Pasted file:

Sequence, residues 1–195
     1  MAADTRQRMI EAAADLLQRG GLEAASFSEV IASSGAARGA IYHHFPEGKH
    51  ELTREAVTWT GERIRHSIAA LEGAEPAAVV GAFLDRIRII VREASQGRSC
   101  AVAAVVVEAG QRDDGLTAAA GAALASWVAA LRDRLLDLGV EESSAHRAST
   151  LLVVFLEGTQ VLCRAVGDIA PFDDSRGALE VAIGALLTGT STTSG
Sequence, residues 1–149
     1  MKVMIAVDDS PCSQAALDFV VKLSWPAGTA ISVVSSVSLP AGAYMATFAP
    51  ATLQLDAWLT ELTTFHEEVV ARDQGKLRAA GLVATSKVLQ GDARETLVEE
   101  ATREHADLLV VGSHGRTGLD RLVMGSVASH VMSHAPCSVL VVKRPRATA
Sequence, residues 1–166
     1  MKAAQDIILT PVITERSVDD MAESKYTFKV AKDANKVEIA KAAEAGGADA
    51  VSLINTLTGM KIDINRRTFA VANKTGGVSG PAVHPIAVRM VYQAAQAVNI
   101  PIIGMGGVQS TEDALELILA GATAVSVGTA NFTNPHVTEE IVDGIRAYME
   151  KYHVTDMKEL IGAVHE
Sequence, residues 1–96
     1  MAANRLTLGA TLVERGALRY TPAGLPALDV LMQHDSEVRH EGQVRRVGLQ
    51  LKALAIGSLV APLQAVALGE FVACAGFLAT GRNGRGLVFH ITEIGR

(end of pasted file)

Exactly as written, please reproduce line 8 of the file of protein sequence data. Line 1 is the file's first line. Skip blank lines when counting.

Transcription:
    51  ATLQLDAWLT ELTTFHEEVV ARDQGKLRAA GLVATSKVLQ GDARETLVEE